From the 1860 Gazetteer of the State of New York, by J. H. French
ONTARIO - was formed from Williamson, as "Freetown", March 27, 1807. Its name was changed Feb. 12, 1808. Walworth was taken off in 1829. It is the N.W. corner town of the co., Lake Ontario forming its N. boundary. Its surface is mostly level, with a general inclination toward the lake. It is drained by several streams running N. to the lake, the principal of which are Bear, Deer, and Davis Creeks. The soil is a sandy, gravelly loam, with drift and muck N. of the ridge. Between the lake shore and the ridge road are extensive marchses, heavily timbered. Iron ore, in the form of red oxide, is found in large quantities in the Clinton group, extending E. and W. through the center of the town. Salt was formerly manufactured to some extent. Ontario, (p.v.) in the S. E. part, contains a church, steam sawmill, furnace, and 25 houses; Ontario Center, 2 mi. W., a church and 20 houses; Furnace Village, near the center, a furnace (1) and 16 houses. New Boston, on the lake shore, is a hamlet. The first settlement was commenced by Freeman Hopkins, from Mass., in 1806. (2) The first church (Bap.) was organized in 1811, (3) by Elder Lyon
From the 1824 Gazetteer of the State of New York, by Horatio Gates Spafford
ONTARIO, a Post-Township of Ontario County, 20 miles N. of Canandaigua; bounded N. by Lake Ontario, E. by Williamson, S. by Palmyra, W. by Penfield, of Monroe County. It was first organized in 1807, and called Freetown till 1808, when it received its present name. Its waters are some small streams that run north into Lake Ontario, and a small branch of Mud creek, in the SE corner. It comprises townships No. 13 and 14, in the Third Range of P. and Gorham's purchase, and is about 10 miles in length, N. and S., and 6 miles wide. This is one of the few towns, in the western region of this State, which has not been divided, since the publication of the first edition of this Work, in 1813. The indications of iron ore, noticed in the former description of this Town, have realized the expectations founded on them. The ore is the argillaceous oxyde, or bog ore, of a good quality, and besides supplying 3 forges in this Town, it also supplies the furnace in Manchester, with ore. The land is of a tolerably good quality, with a gentle but pretty uniform descent to the north. The Ridge Road, or Alluvial Way, traverses it E. and W., and on this road in the N. part, is the Post Office called Inman's X Roads, 193 miles from Albany, according to the office Table of P. Offices, now before me. Population, 2233; 624 persons engaged in agriculture, 41 in manufactures; 5 free blacks; no slaves; 13 school districts; schools kept 7 months; public monies in 1821, $213.15; 642 children; 731 taught that year; taxable property $198809; Electors, 429; 5312 acres of improved land; 1938 cattle, 381 horses, 4357 sheep; 14453 yards of cloth; 5 saw mills, 1 fulling mill, and 3 iron works. The centre of this Town is about 17 miles WNW of Lyons Village.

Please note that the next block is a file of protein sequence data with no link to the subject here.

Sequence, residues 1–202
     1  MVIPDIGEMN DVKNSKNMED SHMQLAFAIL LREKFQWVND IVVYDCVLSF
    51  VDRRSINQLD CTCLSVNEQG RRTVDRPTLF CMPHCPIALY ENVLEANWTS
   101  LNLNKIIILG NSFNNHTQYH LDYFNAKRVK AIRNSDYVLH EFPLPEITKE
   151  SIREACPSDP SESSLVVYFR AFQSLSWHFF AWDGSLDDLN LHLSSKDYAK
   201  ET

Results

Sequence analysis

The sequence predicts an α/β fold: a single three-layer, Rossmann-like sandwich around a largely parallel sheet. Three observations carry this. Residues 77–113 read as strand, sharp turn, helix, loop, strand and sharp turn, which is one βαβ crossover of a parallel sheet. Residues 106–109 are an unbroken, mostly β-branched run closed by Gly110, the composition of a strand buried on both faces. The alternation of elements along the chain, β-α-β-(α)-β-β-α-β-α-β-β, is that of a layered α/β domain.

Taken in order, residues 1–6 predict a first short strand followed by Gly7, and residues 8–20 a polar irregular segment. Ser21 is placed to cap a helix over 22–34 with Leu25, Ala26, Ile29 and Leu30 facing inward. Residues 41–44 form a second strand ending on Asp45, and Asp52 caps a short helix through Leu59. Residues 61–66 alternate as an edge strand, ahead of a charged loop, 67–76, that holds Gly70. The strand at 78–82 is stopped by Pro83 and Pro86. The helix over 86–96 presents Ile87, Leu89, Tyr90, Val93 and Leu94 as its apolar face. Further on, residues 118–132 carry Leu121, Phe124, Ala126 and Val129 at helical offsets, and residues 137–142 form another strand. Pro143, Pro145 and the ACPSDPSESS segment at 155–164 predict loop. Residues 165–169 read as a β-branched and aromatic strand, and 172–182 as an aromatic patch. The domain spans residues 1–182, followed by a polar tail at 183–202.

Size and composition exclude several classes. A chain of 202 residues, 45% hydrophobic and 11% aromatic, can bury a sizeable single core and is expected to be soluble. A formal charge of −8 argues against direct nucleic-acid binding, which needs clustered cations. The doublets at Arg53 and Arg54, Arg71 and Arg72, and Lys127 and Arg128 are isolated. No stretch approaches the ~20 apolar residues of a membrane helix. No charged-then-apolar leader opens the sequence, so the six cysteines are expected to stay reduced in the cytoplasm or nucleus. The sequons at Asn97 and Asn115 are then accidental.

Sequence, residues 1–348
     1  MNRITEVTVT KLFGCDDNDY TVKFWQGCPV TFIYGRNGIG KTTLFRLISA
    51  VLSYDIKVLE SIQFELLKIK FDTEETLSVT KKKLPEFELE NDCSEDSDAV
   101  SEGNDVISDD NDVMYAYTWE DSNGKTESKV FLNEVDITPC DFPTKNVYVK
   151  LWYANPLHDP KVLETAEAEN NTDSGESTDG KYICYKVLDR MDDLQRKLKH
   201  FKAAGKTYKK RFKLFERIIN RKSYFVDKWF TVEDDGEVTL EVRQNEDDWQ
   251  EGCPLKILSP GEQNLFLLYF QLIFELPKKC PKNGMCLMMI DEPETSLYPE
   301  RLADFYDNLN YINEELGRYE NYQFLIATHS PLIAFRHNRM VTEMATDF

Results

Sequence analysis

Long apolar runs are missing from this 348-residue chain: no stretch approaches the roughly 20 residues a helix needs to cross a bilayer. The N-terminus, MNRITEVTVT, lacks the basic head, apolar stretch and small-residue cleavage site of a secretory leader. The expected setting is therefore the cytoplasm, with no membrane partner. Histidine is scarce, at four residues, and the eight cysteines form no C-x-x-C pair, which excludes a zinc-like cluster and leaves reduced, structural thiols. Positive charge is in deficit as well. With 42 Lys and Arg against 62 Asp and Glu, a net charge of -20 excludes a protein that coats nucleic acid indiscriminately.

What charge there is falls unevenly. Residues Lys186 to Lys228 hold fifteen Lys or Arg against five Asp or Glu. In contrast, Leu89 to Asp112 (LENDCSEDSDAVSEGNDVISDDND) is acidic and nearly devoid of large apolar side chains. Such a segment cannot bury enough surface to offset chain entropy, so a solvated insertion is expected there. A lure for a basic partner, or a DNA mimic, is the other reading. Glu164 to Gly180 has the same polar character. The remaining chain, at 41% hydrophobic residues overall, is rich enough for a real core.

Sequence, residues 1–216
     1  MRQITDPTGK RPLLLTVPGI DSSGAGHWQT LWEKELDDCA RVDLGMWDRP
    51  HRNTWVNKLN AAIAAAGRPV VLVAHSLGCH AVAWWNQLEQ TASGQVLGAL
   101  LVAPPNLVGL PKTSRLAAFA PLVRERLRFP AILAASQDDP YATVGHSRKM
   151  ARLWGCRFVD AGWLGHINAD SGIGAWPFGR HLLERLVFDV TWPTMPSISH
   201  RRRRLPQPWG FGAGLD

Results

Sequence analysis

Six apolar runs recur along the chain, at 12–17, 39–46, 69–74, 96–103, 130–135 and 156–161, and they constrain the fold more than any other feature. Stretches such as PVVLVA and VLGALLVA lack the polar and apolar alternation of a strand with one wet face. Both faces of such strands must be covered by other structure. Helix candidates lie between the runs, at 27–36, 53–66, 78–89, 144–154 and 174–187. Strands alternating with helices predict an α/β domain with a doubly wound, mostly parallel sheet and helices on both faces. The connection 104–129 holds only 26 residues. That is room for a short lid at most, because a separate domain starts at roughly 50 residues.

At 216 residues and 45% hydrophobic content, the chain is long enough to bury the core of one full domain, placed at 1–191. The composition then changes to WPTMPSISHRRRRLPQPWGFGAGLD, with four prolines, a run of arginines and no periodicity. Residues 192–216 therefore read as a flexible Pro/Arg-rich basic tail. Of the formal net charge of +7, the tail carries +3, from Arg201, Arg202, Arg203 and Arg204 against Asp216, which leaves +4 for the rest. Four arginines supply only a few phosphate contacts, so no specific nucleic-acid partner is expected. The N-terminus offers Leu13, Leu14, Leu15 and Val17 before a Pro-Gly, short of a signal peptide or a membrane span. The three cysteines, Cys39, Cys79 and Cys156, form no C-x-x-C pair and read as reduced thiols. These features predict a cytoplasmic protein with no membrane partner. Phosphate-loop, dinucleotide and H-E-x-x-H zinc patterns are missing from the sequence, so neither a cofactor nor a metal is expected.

Current Place Names in the Town of Ontario:
Bear Creek, Fruitland, Furnaceville, Lakeside, Ontario, Ontario Center, Ontario on the Lake, Union Hill
1895 History of Ontario
1810 Ontario County Census - Ontario
1867 Directory of Ontario
Property Owners of the Town of Ontario, 1891: added 5/16/12
1914 Farm Directory of Ontario, Part 1
1914 Farm Directory of Ontario, Part 2
1874-75 Ontario Marriage and Death Records
Civil War Enlistees of Ontario July 1862
19th Century School Items - 1895 Ontario Union School Catalog
Members of Ontario High School Alumni Association, 1938
Old Ontario Newspaper Clippings
Early Church Sketches, Ontario, Wayne County, N.Y.
Ontario Center Cemetery
Other Ontario articles, including cemeteries, are found throughout the site by using the site search engine or the menu bar at left side.
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